It is more important to adjust arterial course and axis in hepatic arterial anastomosis, even if some tortuous or enough long in LDLT. While CHA in CLT has so thicker and larger diameter that approximate length detached arteries is more important compared with LDLT. Inapproximate lengthy anastomosis between donor and recipient artery without detaching from the recipient's hepatoduodenal ligament enough distally causes the kicking and stenosis under the natural position of whole liver.

Hepatic arterial kicking and stenosis in CLT may be more frequent than LDLT. Released liver may compress the anastomosis of length hepatic artery, the liver retracted to obtain visual field during arterial anastomosis.

In the case of early HAT, several methods, including re-transplantation, urgent revascularization, or revision of anastomosis, have been performed to avoid irreversible damage of the allograft(20-22). In our study, one recipients underwent urgent revascularization immediately after HAT was confirmed on the 1st day after LDLT, and were subsequently cured with satisfactory liver function. We performed hepatic reconstruction between RHA and RGEPA in HAT patient suspicious of inflow insufficiency after repeated TACE. CT show ischemic necrosis followed by hepatic arterial thrombosis, which occurred at segment VI at 1st day postoperatively day. Hepatic angiography show arterial vasospasm and thrombus occurred at the right gastroepiploic artery. In emergency operation, we anastmosed celiac axis and right gastroepiploic artery by using the great saphenous vein without aorta clamping. Celiac axis is more better inflow than abdominal aorta, no need to clamp the aorta and high blood pressure cause the GSV to tear after finishing direct anastomosis to aorta. Right gastroepiploic artery was anastomosed with donor hepatic artery is better distal conduit could be possible to anastomose in end-to-side fashion with larger GSV. It is difficult to anastomose the short and small donor hepatic artery to larger GSV directly. Therefore we anastomosed interposed right gastroepiploic artery to GSV by end to side fashion after checking anastomosis security between epiploic artery and donor hepatic artery. This patient didn't receive thrombolytic and anticoagulant therapy with monitoring of coagulation status, and thereafter HA inflow returned to normal. The majority of late hepatic complication occurred to only CLT, presented with no specific symptom. Patient with stenosis was treated with balloon angioplasty and endoluminal stent placement (4, 16). The stenosis proximal part from anastomosis site was found on the other patient. However, no death was associated with vascular complications. Late HAT, which occurred after the first postoperative month, can be well tolerated, and portal flow can support the liver until the collateral circulation has developed(23). Stent insertion after balloon angioplasty was performed for the patient in our study with late HAT. Liver function test results and general condition were good. However, long-term results of late HAT patients will require further research.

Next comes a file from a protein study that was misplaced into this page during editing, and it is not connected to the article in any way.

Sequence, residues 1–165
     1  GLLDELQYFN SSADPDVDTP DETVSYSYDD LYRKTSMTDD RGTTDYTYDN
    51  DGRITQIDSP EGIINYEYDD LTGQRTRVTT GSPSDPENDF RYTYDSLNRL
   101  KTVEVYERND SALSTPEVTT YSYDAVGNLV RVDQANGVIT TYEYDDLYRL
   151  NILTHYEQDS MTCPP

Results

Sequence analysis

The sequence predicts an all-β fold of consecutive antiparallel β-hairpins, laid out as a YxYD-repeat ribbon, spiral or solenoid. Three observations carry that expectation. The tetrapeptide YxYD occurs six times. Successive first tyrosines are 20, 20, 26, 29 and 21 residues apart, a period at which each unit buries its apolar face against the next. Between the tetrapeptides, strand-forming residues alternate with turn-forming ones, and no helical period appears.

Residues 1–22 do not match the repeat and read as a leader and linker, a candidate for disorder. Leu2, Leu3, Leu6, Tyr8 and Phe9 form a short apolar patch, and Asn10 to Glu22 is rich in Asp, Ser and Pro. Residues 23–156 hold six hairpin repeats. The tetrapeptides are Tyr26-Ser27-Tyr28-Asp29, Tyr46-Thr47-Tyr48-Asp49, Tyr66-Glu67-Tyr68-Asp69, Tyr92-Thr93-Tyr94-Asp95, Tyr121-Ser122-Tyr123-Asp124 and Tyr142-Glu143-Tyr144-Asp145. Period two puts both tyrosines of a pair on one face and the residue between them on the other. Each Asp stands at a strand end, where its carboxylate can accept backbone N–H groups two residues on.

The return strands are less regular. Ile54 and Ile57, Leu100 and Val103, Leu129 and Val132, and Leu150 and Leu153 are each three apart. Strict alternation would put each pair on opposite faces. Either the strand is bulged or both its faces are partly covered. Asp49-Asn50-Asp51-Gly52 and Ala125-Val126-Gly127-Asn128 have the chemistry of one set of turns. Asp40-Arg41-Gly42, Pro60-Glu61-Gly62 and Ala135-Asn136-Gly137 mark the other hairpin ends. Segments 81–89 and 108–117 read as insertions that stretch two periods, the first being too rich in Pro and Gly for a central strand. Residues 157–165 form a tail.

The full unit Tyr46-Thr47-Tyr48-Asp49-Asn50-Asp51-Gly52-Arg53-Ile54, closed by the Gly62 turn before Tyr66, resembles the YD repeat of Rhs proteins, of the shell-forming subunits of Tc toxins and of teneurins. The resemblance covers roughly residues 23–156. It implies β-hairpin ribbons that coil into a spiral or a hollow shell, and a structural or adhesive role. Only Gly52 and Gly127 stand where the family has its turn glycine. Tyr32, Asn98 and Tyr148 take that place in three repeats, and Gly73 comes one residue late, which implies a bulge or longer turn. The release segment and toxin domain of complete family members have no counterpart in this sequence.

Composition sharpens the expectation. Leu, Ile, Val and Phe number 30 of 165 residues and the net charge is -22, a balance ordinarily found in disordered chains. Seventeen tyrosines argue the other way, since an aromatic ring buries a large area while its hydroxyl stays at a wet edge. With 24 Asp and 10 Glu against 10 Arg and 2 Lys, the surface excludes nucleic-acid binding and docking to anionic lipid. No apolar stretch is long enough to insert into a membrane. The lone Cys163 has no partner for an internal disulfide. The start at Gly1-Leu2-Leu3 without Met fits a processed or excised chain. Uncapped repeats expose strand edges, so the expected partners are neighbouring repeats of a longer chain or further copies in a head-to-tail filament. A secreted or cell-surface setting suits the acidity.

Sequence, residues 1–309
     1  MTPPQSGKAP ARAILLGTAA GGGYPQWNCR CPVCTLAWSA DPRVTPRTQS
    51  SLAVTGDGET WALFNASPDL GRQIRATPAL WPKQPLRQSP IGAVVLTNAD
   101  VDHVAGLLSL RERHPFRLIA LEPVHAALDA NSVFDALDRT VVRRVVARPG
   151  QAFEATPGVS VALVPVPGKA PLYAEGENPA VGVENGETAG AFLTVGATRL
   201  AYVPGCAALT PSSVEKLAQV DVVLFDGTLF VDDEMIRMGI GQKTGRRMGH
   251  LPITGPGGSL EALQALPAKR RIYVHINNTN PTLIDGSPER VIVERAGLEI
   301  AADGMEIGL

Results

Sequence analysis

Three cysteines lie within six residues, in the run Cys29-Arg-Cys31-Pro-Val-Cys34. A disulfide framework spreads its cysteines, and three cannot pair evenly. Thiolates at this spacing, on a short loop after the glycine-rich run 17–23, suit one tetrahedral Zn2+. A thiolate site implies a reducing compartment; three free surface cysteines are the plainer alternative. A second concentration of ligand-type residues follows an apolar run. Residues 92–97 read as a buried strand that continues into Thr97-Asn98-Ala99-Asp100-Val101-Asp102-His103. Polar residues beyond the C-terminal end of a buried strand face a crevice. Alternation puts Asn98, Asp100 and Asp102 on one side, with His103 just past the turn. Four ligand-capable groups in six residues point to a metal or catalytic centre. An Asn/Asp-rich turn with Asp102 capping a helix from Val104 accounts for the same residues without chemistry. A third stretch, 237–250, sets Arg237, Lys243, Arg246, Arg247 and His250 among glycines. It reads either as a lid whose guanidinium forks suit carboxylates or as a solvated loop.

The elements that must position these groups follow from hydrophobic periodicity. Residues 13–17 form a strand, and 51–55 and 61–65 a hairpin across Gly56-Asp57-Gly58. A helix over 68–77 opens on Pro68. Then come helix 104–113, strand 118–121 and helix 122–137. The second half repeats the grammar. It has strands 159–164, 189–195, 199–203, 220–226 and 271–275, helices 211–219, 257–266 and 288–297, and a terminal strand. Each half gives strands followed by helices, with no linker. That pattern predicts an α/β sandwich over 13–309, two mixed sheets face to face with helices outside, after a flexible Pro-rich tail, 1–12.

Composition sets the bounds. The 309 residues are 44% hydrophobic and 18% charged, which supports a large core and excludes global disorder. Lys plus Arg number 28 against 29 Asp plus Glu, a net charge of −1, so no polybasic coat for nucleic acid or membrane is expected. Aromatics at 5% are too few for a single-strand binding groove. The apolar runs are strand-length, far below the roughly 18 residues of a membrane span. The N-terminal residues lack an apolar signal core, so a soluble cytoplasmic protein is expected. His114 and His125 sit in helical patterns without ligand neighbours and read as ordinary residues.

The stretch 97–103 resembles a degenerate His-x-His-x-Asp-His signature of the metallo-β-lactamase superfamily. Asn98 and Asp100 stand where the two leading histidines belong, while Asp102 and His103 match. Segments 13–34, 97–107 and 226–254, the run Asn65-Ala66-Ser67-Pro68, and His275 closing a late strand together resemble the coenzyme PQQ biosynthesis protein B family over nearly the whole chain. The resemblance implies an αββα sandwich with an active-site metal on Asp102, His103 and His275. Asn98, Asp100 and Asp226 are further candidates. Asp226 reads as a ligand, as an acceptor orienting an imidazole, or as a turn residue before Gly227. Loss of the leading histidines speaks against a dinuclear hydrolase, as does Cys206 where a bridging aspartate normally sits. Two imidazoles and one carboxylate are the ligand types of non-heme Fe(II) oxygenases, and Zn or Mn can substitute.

Conclusion

Careful preoperative evaluation and intraoperative microsurgical technique for hepatic artery reconstructions are the keys to prevent vascular complications following LDLT. Immediate surgical intervention is required for acute vascular complications, whereas late complications remain asymptomatic and may be treated by balloon angioplasty and endovascular stent placement.